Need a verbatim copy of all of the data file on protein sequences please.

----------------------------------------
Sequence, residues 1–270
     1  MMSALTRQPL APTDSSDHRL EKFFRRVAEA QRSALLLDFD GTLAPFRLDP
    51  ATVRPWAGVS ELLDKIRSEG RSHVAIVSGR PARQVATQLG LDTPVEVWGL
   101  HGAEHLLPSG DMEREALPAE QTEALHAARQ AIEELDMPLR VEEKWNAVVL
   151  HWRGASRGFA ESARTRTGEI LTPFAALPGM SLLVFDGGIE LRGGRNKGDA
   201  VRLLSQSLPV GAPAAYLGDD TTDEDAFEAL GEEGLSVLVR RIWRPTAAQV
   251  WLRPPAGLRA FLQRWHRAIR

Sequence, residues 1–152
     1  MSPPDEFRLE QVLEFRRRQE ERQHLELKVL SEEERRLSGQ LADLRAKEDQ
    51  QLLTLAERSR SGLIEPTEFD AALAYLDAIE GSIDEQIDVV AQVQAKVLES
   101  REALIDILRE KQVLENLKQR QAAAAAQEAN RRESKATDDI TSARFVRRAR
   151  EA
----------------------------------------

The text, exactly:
Sequence, residues 1–270
     1  MMSALTRQPL APTDSSDHRL EKFFRRVAEA QRSALLLDFD GTLAPFRLDP
    51  ATVRPWAGVS ELLDKIRSEG RSHVAIVSGR PARQVATQLG LDTPVEVWGL
   101  HGAEHLLPSG DMEREALPAE QTEALHAARQ AIEELDMPLR VEEKWNAVVL
   151  HWRGASRGFA ESARTRTGEI LTPFAALPGM SLLVFDGGIE LRGGRNKGDA
   201  VRLLSQSLPV GAPAAYLGDD TTDEDAFEAL GEEGLSVLVR RIWRPTAAQV
   251  WLRPPAGLRA FLQRWHRAIR

Sequence, residues 1–152
     1  MSPPDEFRLE QVLEFRRRQE ERQHLELKVL SEEERRLSGQ LADLRAKEDQ
    51  QLLTLAERSR SGLIEPTEFD AALAYLDAIE GSIDEQIDVV AQVQAKVLES
   101  REALIDILRE KQVLENLKQR QAAAAAQEAN RRESKATDDI TSARFVRRAR
   151  EA